note: coffee was provided free of charge and the above review is objective feedback.
Wednesday, February 20, 2013
Subject: Crema Coffee Roaster
Location: Cary, NC
Free WiFi ? : yes
Rating: 5+ [see key]
One early AM, I found myself wandering amidst the area around Raleigh looking for a small coffee operation entitled Crema Coffee Roaster. They had made my list of places in the area to visit and one dreary morning, I found them situated in the Cornerstone Plaza in an elevated shop.
Walking through the door, the first thing I noticed were the many eyes of tribal masks staring at me from the wall. But after the initial feeling of being watched faded, I began to take in the pleasant ambiance of the tan walls, rich tile floors and the figurative warmth from the fireplace (I say figurative because I think fireplaces whether empty or full of fire give off a subconscious warmth).
As for my coffee chosen, I settled on a drip of their Indonesian Sulawesi and an espresso of their Espresso Blend. The drip held notes of maple syrup, strawberry, black currant, whole wheat and mild caramel, proving overall deliciously smooth, sweet and tender. The espresso, pulled short with brown crema, embodied notes of chocolate, black pepper, salt, mango (mostly on the end) and a noticeable sourness throughout the cup, though despite the flavors named, together the espresso proved tasty for the most part.
While I wasn't in love with my espresso, I found the overall Crema experience quite fitting. Thus if you happen to be in the vicinity, stop over at Crema Coffee Roaster.
Sunday, February 17, 2013
Subject: The Cubby Hole
Location: Moorestown, NJ
Free WiFi ? : yes
Rating: 4+ [see key]
In the eastern part of the US, it amazes me that whole swaths of counties and states exist without a single coffeehouse that can serve a decent mug of coffee. I could draw mammoth circles on maps of NJ alone that encompass still bereft lands that have yet to possess an establishment that offers beans worthy of brewing.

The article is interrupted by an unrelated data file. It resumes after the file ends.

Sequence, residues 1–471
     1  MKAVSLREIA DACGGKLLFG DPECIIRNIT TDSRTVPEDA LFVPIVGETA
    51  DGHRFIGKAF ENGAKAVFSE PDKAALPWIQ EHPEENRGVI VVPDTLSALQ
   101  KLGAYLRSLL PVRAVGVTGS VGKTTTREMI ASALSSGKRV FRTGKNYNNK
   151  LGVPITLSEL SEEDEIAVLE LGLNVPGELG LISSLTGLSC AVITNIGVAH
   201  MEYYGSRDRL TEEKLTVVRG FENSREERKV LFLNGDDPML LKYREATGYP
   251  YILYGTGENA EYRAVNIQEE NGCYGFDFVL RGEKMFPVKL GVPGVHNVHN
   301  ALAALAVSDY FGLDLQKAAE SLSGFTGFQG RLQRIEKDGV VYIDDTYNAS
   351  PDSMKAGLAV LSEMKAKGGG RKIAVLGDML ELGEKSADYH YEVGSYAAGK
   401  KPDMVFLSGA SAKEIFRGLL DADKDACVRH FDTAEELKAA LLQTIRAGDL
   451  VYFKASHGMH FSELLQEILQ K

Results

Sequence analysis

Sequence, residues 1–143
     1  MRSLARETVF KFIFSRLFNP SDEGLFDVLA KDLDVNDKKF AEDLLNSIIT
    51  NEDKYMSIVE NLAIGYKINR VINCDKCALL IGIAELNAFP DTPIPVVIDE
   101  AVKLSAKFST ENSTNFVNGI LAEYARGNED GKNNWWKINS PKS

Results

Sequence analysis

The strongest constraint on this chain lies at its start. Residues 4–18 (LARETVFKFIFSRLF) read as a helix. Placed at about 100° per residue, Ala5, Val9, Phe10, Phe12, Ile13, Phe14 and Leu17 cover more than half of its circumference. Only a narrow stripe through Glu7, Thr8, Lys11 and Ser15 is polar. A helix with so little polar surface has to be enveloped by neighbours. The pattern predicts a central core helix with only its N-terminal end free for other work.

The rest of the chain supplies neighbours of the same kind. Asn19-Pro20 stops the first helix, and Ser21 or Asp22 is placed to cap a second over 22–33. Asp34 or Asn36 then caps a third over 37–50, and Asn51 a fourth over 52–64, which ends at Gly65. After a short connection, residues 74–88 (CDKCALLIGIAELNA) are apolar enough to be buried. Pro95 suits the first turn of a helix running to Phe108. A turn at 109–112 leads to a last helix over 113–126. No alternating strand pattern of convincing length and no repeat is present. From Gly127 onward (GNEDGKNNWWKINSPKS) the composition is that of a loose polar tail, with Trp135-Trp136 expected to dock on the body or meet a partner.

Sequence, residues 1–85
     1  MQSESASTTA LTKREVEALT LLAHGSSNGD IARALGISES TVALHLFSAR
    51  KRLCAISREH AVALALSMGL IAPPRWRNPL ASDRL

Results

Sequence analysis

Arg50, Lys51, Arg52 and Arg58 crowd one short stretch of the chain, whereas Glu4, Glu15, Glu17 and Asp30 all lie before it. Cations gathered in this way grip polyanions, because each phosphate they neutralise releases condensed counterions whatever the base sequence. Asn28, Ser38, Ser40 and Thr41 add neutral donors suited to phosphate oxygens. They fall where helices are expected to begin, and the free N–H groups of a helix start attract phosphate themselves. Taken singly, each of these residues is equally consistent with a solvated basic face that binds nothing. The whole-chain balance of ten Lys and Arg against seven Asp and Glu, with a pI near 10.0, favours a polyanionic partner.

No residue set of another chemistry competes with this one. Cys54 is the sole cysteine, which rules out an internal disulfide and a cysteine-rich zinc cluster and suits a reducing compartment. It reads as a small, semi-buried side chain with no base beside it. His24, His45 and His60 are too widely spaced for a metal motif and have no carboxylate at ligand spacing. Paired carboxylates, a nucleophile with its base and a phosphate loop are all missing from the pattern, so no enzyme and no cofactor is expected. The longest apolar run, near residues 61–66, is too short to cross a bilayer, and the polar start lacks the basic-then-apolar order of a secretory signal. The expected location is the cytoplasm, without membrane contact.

Take the lovely town of Moorestown in southern Jersey. Voted one of the best towns to live by Money Magazine in 2011, this cute town of Quaker roots still seems to have a main street only barely holding on. As someone who grew up close by, I've always seen this main street as an opportunity waiting to happen, but of course the right stimuli also need to happen. One thing needed in my humble opinion is a great coffeehouse, a flower that still has yet to blossom. Oddly, the closest thing the street has to great coffee is a little eatery called the Cubby Hole.
Situated in a small, bland store front with a pair of outside tables, I actually had never wandered into the Cubby Hole's doors until my father mentioned they had good coffee. Not necessarily trusting my father's palate but at the same time owing him the respect to try out his recommendation, I took a visit one day. The interior proved not much too look at (a very muted decor with a space that actually has some potential for pizazz), the first sighting of their coffee took me by surprise. Sitting by the door were a couple of pump pots of One Village Coffee out of (somewhat) close-by Souderton, PA. Holding onto the hope that the coffee was brewed correctly and was fresh, I grabbed a cup of their Ethiopian. To my express delight, the brew packed a fruity punch along with some vanilla cookie, sassafras, english muffin and rose petal amidst a smooth, medium body; a flavorful and tasty African coffee.